Jerusalem Syndrome

Arab merchants near the Arab and Armenian Quarters in the Old City of Jerusalem, selling freshly-made bread to tourists. It’s really good bread. 

There’s an odd psychiatric illness that some tourists get when they visit Jerusalem. An actual, medically known, psychosis. It’s called Jerusalem Syndrome and symptoms include:

  • Anxiety, agitation, nervousness. (NB That could be due to scary Jerusalemite driving and the fact that no matter which signpost you follow you will always end up driving in the direction of a sign saying RAMALLAH).
  • A desire to split away from the group and to tour Jerusalem alone. 
  • A need to be clean and pure: obsession with washing; compulsive fingernail and toenail cutting.
  • Preparation, often using hotel linen, of a long, ankle-length, toga-like gown, which is always white.
  • The need to recite the Bible, or to sing religious hymns or spirituals. 
  • A procession to one of Jerusalem’s innumerable holy places. 
  • Delivery of a sermon in said holy place, begging humanity to adopt a more moral, simple way of life.

    I stress: this is real.  There isn’t a Tel Aviv Syndrome (unless it’s the need to honk one’s car horn obsessively and park on the pavement) but there is a Paris Syndrome that affects Japanese tourists who are shocked that Paris bears no resemblance to its depiction in popular films and books.

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    16 comments on “Jerusalem Syndrome”

    1. If I were to visit Jerusalem I think any syndrome I might fall into would include numerous visits to these bread stalls and to eat copious amounts of freshly baked bread. I like all the lines in this photo and the 3 figures with no relation to each other. The bleached B&W works beautifully here to add a sense of enduring time and place.

    2. If I were to visit, I think I would get in touch with Cat just to get to know which technique is used to age the images…
      They are very special.

    3. Lot of bread there they must do a good business. I have all those symptoms all ready so I would fit right in. :) I thought you were being funny and looked it up and it is real. Very interesting!

    4. When I visited old Jerusalem, I felt that it was a city with to faces : on one hand it’s a true holy place and on the other, it’s a great religion supermarket :-) Every religious community has something for you to buy either with your heart or with your money :-) I’m not supprised people can become a little crazy :-)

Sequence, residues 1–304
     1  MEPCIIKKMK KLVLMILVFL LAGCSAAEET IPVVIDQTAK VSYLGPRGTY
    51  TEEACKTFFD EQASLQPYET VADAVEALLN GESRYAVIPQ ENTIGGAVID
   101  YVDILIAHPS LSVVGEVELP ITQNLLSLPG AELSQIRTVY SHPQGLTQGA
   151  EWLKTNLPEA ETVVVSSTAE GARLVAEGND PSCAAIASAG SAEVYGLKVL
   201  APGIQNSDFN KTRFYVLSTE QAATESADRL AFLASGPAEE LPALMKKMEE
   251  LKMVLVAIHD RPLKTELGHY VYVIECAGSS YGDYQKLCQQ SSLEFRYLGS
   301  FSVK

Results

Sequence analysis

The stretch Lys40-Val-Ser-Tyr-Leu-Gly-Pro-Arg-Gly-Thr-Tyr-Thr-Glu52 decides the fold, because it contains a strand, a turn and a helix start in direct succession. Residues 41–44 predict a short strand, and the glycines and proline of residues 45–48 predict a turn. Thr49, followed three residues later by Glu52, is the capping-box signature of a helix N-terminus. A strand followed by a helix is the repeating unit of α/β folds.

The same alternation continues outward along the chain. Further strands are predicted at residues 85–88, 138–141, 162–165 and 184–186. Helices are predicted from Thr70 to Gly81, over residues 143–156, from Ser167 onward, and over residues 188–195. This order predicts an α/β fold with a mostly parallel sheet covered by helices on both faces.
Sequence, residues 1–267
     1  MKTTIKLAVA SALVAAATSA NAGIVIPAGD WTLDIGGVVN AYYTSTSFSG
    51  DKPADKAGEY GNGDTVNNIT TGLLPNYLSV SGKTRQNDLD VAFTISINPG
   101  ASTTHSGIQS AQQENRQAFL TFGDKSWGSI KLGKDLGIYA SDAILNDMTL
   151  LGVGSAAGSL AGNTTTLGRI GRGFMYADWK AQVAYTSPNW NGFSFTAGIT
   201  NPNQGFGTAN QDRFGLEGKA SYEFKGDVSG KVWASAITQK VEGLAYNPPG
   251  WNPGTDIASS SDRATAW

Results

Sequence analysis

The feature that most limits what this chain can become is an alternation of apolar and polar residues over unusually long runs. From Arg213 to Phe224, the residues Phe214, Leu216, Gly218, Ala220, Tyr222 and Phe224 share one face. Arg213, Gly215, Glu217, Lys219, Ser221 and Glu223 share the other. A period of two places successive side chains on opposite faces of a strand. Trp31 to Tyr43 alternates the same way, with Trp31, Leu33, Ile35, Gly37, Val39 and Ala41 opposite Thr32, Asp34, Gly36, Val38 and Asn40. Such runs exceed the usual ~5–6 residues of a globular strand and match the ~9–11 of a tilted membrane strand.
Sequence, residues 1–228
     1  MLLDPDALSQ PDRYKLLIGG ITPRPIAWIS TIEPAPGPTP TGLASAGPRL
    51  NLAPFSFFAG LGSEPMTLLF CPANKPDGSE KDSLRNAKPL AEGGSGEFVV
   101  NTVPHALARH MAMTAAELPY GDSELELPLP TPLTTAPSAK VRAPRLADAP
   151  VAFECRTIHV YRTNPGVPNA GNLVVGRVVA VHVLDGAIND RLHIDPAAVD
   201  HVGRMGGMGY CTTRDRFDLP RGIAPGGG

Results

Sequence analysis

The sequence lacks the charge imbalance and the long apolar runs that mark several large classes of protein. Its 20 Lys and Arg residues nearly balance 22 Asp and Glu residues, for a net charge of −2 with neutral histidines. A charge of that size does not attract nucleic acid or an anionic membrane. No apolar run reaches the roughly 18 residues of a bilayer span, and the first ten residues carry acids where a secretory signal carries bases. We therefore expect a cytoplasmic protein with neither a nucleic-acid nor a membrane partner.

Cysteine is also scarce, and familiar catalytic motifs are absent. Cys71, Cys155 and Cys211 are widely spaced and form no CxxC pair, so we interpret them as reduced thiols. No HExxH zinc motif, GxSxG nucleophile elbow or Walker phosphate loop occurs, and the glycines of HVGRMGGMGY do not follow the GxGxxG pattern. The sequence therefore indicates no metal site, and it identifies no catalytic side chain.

5. Thanks for the comments :)

      daina – I think you might also have a glass of freshly squeezed pomegranate juice from the neighbouring stand – that would also be a “religious” experience!

      Geir – thanks a lot, I think it’s great that you like them.

      Terry – yes, I’m afraid it is true…I think no-one would notice if you walked around in a white robe in Old Jerusalem, either!

      pictalogue – yep, you’re right, it is a giant market. A few years ago I was in a shop in the Muslim quarter that sold tacky Christian tourist gifts. They had a clock with a different Christian religious figure for each number. The salesman was very insistent that this would make a great gift for any Christians I knew. I wonder if that’s true… :)

    6. hmmm, i’ll give jerusalem a miss methinks…don’t want to find myself wandering around in a robe. mind you, i do like bread. a lot!

    7. Too funny! Have never heard of this ‘Jerusalem Syndrome’ before. Have been there many times…can’t say I’ve fallen ill with any of the symptoms – HA!
      This image looks like it was captured before Israel became a recognized state. Wonderful processing….would love to know your ‘secret’ recipe (if you care to share).

    8. Great shot Cat…love the processing as always…transforming a nice scene into a wonderful one!….interesting background as always. I’m with Trotsky I don’t want to be seen wandering around in a robe, I look pretty stupid for the large part anyway

    9. Great “real life” scene and the post shot processing is superb! True definition of genuine art. I can almost smell the bread…

    10. nevr heard of jerusalem syndrom..
      anyway I appreciate a lot your photograph..;)

    11. If it is me perhaps, it is likely to become a bread syndrome.

    12. this is the best, process works just perfect for it, and i’d hate to live somewhere where street sellers didn’t exist

    13. podoba mi się ta fotografia

    14. Dziekuje bardzo, sebostek :)

    15. Can anyone tell me the name of this bread? I had it recently in Jerusalem with zatar and it was delicious. I’d like to find a recipe for it.

      Thanks

    16. Shalom Freyda – the bread is called Baygeleh or Beigeleh or Baigeleh (בייגלה) and they are indeed delicious :)

      Here’s a recipe in Hebrew:
      http://www.mevashlim.com/Recipe/5632001.asp

      And here’s one in English:
      http://is-that-my-bureka.blogspot.com/2007/01/baigeleh.html


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